Medicaid & CHIP
The state and federally-funded programs Medicaid and CHIP are available to low-income individuals, including diabetics. At the present time, some states have already expanded their Medicaid programs to include non-disabled adults without children who earn up to 138 percent of the federal poverty line. Previously, the program only catered to people with children or disabilities with few resources. Medicaid coverage includes treatment for diabetes, hospital visits, doctor’s office visits and prescriptions, though it varies by state. Medically necessary supplies and treatment will be covered by your plan, and you can receive care from any provider in your network or in the area who is Medicaid-approved.
Every state’s income guidelines and benefits are different, so make sure you find out if you qualify and what is covered before you receive care. Copays are usually very small if they are required at all, and most states do not charge a premium for Medicaid.
Low-income children with diabetes can get covered by the Medicaid program, or CHIP — The Children’s Health Insurance Program — if their household income is a bit higher than the Medicaid limits. With a wider range of acceptance for children under 18, those who are affected by diabetes earlier in life can get the coverage they need if their parent does not have a plan through their employer or individually purchased coverage. Medicaid and CHIP will pay for all medically necessary supplies and medications, which includes insulin, test strips and all other methods of monitoring the illness.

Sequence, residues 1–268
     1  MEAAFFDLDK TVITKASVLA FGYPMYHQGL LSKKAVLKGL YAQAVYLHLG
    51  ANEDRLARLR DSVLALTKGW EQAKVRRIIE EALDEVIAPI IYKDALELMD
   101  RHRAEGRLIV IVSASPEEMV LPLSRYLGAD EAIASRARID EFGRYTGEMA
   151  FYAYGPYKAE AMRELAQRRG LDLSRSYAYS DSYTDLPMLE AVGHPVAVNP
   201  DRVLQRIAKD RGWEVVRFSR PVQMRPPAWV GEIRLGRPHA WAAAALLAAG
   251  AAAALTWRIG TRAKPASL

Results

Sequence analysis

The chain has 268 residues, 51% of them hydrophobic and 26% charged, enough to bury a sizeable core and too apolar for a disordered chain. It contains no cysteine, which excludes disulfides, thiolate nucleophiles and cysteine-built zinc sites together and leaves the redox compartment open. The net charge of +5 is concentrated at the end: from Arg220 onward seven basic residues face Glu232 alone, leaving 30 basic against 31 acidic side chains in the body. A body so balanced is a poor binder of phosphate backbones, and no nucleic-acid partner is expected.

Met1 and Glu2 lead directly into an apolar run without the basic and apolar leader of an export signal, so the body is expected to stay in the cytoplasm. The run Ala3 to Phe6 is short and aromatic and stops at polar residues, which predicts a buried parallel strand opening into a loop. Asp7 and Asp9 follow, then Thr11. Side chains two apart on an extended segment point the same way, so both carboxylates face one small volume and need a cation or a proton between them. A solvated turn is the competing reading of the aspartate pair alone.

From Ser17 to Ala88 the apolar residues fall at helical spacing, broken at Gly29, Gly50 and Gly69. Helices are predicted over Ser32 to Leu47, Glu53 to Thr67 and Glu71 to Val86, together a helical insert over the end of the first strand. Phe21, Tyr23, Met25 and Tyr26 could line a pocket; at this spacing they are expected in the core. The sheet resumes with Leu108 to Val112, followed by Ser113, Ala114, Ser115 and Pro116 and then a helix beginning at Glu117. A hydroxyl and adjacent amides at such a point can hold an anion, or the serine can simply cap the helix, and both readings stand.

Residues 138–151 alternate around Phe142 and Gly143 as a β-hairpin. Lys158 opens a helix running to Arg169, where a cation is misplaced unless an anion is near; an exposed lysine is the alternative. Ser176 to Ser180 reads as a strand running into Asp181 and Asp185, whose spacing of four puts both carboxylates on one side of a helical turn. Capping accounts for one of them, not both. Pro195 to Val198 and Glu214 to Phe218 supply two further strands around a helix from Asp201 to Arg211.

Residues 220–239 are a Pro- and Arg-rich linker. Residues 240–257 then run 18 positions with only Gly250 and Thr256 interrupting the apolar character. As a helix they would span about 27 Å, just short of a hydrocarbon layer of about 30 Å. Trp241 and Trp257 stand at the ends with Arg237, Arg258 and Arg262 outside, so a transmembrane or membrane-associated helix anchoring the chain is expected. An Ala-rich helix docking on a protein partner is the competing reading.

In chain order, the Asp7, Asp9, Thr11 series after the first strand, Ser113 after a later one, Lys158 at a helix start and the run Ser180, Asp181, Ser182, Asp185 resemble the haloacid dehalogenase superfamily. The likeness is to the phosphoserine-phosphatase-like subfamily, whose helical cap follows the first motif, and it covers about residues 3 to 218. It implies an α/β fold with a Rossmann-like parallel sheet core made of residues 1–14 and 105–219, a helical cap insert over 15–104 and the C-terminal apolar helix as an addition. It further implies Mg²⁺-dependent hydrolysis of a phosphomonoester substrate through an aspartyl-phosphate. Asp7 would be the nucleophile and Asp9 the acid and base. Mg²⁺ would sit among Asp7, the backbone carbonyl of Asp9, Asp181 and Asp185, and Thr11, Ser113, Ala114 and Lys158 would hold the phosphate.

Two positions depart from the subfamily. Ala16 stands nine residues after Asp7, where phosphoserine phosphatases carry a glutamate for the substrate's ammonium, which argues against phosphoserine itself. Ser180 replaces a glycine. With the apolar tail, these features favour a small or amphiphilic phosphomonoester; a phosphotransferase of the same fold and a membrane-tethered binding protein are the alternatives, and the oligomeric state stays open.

If an employer decides to provide health insurance to their employees, diabetes will not disqualify you from getting insured. Under health reform, employer with more than 50 workers have to provide insurance, but they may not supply the most robust array of benefits. Always check the list of covered services and coverage levels offered in your employer’s insurance plan before deciding to enroll. Health insurance through the workplace is the most commonly used form of coverage in our country, whether used by an employee or a dependent family member on the plan. Diabetes should not prevent anyone from receiving the care they need, especially once you are insured. Group plans do impose a waiting period that can last several months, so make sure you have an individual plan in place for those months while you wait.
According to the American Diabetes Association, the organization has worked to pass provisions in 46 states that require fully-insured health plans to cover medications, supplies and care for diabetic plan members.
COBRA and HIPAA also apply to workers who have had health insurance through their employer and have diabetes. If you are laid off by the employer, COBRA coverage may provide temporary continuing coverage of your employee health plan, though it will get more costly than someone out of work would generally like. Otherwise, group health plans before an employee loses their position can be very helpful to a diabetic. More often than private plans, employers include rewards and incentives for workers to improve their health through the health plan’s wellness programs.
Health Insurance Exchanges
The health insurance marketplace in your state offers coverage to individuals and small businesses regardless of health, medical history, income and gender. These rules also apply to the private market, but the tax credits and subsidies offered on the exchange can only be applied to exchange plans. The government has worked out a way for people with moderate income to reduce the cost of premiums and medical care as an incentive to get insured. Private health insurers sell identical plans on the exchange giving access to their provider networks. All ten categories of essential health benefits are included, so you have access to preventive care, hospital care and diabetes supplies.